Beale will doubtless be older and wiser for that spell at Ibrox.
He would also walk into a warm welcome from Rangers fans eternally grateful for his role in delivering title number 55 — stopping Celtic reaching an historic ten-in-a-row — while helping the club grow into a European force once more.
Jermaine Defoe described Beale as a tactical genius and he is highly regarded by players
Should he get the job, it will no doubt be mentioned that Rangers did not win a domestic cup during his time as No2 to Gerrard.
However, Beale will doubtless still be looking back and wondering how Celtic captured the 2019 League Cup through a disputed Christopher Jullien goal in a Hampden showdown utterly dominated by the Ibrox side.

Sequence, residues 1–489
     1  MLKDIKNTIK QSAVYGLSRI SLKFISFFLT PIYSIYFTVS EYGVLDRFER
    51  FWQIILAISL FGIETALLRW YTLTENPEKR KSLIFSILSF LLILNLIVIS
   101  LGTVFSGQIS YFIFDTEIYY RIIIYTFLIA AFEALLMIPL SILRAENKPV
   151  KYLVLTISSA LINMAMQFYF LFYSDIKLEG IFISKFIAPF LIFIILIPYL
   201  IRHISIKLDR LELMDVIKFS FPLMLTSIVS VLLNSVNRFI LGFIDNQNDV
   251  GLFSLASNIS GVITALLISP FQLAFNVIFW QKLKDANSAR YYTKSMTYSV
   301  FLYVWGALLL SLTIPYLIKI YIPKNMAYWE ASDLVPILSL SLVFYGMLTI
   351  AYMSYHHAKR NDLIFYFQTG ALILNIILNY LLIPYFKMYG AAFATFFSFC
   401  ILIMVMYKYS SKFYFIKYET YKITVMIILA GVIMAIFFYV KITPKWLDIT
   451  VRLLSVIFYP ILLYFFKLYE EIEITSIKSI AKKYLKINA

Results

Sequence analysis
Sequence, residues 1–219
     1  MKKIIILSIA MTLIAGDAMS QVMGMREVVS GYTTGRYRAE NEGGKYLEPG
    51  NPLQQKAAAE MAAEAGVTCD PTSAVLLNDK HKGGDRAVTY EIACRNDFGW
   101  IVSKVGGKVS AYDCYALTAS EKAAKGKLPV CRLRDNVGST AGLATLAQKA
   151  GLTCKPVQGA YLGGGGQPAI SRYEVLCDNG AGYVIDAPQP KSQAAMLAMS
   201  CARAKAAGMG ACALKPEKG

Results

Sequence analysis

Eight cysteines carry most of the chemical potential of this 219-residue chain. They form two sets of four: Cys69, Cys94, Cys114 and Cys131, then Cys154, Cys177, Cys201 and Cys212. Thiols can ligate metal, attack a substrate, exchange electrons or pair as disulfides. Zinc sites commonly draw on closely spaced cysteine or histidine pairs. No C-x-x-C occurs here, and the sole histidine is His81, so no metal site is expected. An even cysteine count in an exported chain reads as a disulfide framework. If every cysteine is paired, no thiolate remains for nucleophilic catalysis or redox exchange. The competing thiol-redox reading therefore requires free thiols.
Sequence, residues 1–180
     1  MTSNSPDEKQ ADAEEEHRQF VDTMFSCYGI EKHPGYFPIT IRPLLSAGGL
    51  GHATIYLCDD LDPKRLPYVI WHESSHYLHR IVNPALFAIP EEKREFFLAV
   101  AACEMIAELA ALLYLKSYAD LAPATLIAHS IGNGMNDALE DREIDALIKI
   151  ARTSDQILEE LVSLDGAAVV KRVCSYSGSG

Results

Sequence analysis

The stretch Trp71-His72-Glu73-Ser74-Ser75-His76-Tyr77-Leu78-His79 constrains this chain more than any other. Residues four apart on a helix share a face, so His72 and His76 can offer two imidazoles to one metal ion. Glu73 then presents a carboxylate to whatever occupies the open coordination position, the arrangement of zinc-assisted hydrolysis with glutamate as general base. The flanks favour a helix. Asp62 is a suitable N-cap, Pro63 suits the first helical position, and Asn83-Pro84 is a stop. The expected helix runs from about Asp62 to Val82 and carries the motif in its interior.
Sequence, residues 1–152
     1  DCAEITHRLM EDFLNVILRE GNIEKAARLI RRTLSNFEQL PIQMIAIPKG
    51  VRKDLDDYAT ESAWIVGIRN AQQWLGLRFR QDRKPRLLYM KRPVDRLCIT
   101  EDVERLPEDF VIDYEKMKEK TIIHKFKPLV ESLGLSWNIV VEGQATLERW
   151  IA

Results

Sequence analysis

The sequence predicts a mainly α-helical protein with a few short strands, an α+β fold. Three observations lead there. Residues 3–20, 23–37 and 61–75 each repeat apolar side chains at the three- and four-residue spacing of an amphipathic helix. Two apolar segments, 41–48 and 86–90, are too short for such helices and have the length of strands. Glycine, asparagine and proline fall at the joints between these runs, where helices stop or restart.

Beale would later brand it ‘the most one-sided final, maybe in history’. After that match, Rangers would not lose in the next seven Old Firm matches.
The last thing Rangers need right now is to gamble on another Paul le Guen or Pedro Caixinha.
Beale would arrive with an encyclopedic knowledge of the Scottish and British game, and has good contacts within it.
A speedy appointment would give him some much-needed time on the grass with the squad before the season resumes with a home match against Hibs on December 15.
There will likely not be much money available in January, but Beale spent nothing on transfers in the summer and still managed to overhaul his QPR squad with loans and free signings.
His return would certainly provide a much-needed confidence boost for the Ibrox side